Our Pledge To You


Women’s March organizers, Democratic allies to drive early voting on Saturday

Thousands rally in Grant Park before the second annual Women’s March, Saturday, Jan. 20, 2018. | Ashlee Rezin/Sun-Times

Chicago’s Women’s March and Democrat-allied groups are sponsoring a get-out-the-vote rally on Saturday in Grant Park.

With early voting underway, the “Women’s March to the Polls” will focus on first-time voters who will be urged to cast a ballot by election day, Nov. 6.

Though organized as a non-profit organization, and not specifically endorsing candidates, the Women’s March Chicago is bankrolled by Democrats and Democratic supporters. The major donors – $10,000 and up are the Chicago Federation of Labor; Democrat J.B. Pritzker’s governor campaign; The Last Weekend; March On; Need to Impeach; SEIU Healthcare Illinois Indiana, SEIU Local 73, SEIU Local 1 and SEIU Illinois State Council.

Pritzker and his running mate, Juliana Stratton, will attend the march, and be with their supporters, a campaign spokesman said.


Marchers will gather Saturday at 9 a.m. at the main entrance to Grant Park at Columbus and Ida B. Wells (formerly Congress), and an hour later, the main rally will begin at the stage near Columbus and Jackson. Around 12:30 p.m., organizers plan to begin their march to the Loop.

From the march’s endpoint at Federal Plaza, marchers will be directed toward voting locations at 175 W. Washington St. (for Chicago voters) and 69 W. Washington St. (for other Cook County voters). Early voting sites will be open on Saturday from 9 a.m. – 5 p.m.


Women’s March Chicago will return to Grant Park, the location of its last two marches. Marchers should enter the park on Columbus Drive at Ida B Wells Parkway (formerly Congress) or Balbo Drive. An accessible entrance at Columbus and Monroe will also be open to families.


The route of Saturday’s Women’s March to the Polls. An earlier version of this graphic incorrectly reversed the voting sites for Chicago voters and voters from elsewhere in Cook County. | Tanveer Ali/Sun-Times

The CTA will be providing expanded L service around the rally, including more frequent trains on the Red Line and longer trains on the Brown Line.

How (to vote)

Organizers worked with election authorities to ready the early voting locations for the march.

“We’re going to have as many pieces of equipment and workers as we can fit on the site,” Chicago Board of Election Commissioners spokesman Jim Allen said. “We’ll do our best. We’ll see how much they throw at us.”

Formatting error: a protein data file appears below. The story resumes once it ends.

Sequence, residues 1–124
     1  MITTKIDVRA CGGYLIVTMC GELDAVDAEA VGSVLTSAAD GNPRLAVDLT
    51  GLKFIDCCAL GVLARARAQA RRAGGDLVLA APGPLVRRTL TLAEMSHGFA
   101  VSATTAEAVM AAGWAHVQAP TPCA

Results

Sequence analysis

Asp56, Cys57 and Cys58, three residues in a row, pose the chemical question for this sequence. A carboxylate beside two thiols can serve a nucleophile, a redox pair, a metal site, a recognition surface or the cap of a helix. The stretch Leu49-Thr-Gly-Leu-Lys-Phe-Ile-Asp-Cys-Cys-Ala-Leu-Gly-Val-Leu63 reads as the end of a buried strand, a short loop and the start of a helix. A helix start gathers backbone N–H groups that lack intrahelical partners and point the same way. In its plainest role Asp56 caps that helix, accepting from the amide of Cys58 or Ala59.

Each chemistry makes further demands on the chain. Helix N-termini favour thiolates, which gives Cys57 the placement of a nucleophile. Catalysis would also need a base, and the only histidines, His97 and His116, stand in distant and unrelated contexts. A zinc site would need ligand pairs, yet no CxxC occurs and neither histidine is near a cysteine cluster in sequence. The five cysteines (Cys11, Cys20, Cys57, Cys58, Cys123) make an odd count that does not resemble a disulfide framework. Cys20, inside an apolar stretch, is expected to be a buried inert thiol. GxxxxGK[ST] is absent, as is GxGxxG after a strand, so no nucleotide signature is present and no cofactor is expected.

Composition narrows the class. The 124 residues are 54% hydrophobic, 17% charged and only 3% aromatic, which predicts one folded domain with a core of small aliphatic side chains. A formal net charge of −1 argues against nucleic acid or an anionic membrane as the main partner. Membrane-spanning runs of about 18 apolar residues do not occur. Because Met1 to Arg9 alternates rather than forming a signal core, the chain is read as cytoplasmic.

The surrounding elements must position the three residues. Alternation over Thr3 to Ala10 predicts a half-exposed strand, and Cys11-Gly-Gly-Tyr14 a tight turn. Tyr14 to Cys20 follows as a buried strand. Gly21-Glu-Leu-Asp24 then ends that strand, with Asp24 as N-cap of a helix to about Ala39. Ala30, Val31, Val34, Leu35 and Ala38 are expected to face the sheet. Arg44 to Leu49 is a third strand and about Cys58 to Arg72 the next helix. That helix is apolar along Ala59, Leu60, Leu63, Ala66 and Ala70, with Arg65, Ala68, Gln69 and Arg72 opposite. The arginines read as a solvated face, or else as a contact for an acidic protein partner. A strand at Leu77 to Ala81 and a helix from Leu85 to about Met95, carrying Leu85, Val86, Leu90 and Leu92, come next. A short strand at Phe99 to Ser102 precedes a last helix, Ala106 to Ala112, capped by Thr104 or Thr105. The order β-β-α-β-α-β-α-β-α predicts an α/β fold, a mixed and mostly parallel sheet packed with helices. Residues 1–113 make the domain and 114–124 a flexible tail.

Allen and march organizers each cautioned that attendees should consider other options for casting a ballot early to reduce the burden on the polling locations, including voting by mail or visiting an early voting location at another time.

The downtown sites for Chicago and Cook County voters will be open daily till the election. From October 22, early voting locations will be open in every ward and across the county. Voters can check their registration online. They can register online through October 21, in person at several locations around Cook County, and at their polling place on election day.


Women’s March Chicago is a non-profit affiliate of March On, an umbrella association that organized women’s marches across the nation in 2017 and 2018.

Organizers declined to guess at the number of marchers the event would draw, but Chicago women’s marches in the past swarmed the Loop and filled Grant Park.

RELATED: Another march in January 2018 attracted 300,000, according to Women’s March Chicago


Who (will speak)

Organizers announced a slate of performers and Democrat activists who will take the stage at the rally. The rally will be emceed by Melissa DuPrey, an actor and comic.

  • Author Barbara Ramsey, an historian who has written about the Black Lives Matter movement
  • Adrienne Lever, the political director of Democratic-allied Swing Left
  • Tichina Haywood, a member of the Service Employees International Union and a first-time voter
  • Amani Johnson, the co-founder of BRAVE, an anti-violence organization operating out of St. Sabina Church in Auburn-Gresham
  • Ric Wilson, a Chicago-based rapper
  • Jessica Disu, also known as FM Supreme, a Chicago-based rapper
  • Evie the Cool, DJ


At their City Hall news conference, organizers put their event in the context of national politics.

“They thought that they might have gotten rid of us by making [Supreme Court Justice Brett Kavanaugh] official, but all that did was help continue to fuel women and young people that we have got to vote, and we’ve got to stand together, and that’s just what we plan to do on Saturday,” said Jaquie Algee, Women’s March Chicago board member and a SEIU Healthcare vice-president.

Actor, comic and rally emcee Melissa DuPrey (left) and SEIU Healthcare vice president and Women’s March Chicago board member Jaquie Algee  (right) spoke about Saturday’s Women’s March to the Polls at a City Hall news conference Tuesday | Adam Thorp/Sun-Times


The National Weather Service forecasts sunny skies on Saturday, with a high of 52 degrees.

DISCLOSURE NOTE: Unions have an ownership stake in Sun-Times Media, including the Chicago Federation of Labor; Operating Engineers Local 150; SEIU Healthcare Illinois-Indiana and SEIU Local 1


• Baby Trump blimp coming to Chicago Women’s March

• Women’s March focuses on electoral power, amplifying voices